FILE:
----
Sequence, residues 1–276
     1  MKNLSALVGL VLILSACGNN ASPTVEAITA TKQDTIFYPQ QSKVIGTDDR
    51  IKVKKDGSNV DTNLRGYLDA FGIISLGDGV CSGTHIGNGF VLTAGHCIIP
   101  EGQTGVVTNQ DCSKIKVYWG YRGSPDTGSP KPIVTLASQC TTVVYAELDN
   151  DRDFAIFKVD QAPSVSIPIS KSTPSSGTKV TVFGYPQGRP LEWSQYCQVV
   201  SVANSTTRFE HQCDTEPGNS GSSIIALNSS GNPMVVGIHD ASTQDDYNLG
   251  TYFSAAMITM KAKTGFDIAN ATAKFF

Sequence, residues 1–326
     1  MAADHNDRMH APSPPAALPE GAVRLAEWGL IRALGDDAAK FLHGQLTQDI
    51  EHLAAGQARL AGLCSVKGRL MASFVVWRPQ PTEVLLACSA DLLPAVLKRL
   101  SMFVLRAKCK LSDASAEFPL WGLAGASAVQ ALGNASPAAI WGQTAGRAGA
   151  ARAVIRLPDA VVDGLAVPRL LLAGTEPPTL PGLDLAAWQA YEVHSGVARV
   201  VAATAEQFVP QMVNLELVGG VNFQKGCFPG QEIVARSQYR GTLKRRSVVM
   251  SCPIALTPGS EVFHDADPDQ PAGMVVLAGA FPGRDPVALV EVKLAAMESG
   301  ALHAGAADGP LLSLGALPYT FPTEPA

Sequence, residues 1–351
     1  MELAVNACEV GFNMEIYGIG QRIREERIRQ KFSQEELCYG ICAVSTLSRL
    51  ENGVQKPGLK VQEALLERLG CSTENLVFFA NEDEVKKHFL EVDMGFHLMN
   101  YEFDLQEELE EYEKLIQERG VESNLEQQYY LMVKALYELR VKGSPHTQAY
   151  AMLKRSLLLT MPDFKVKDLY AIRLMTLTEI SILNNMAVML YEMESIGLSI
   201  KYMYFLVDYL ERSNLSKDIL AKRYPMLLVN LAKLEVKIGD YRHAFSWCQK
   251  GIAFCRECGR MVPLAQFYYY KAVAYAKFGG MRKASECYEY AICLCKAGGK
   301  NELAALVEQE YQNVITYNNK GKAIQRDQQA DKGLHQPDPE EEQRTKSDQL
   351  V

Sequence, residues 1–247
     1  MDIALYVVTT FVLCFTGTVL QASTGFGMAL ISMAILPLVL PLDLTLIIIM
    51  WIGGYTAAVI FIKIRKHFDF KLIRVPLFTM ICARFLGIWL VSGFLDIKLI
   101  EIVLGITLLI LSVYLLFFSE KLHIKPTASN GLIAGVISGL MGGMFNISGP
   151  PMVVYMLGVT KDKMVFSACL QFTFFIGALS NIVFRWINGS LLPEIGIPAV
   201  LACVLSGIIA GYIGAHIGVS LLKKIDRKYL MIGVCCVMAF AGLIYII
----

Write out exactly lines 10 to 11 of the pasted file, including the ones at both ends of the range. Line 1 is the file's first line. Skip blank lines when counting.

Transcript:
    51  EHLAAGQARL AGLCSVKGRL MASFVVWRPQ PTEVLLACSA DLLPAVLKRL
   101  SMFVLRAKCK LSDASAEFPL WGLAGASAVQ ALGNASPAAI WGQTAGRAGA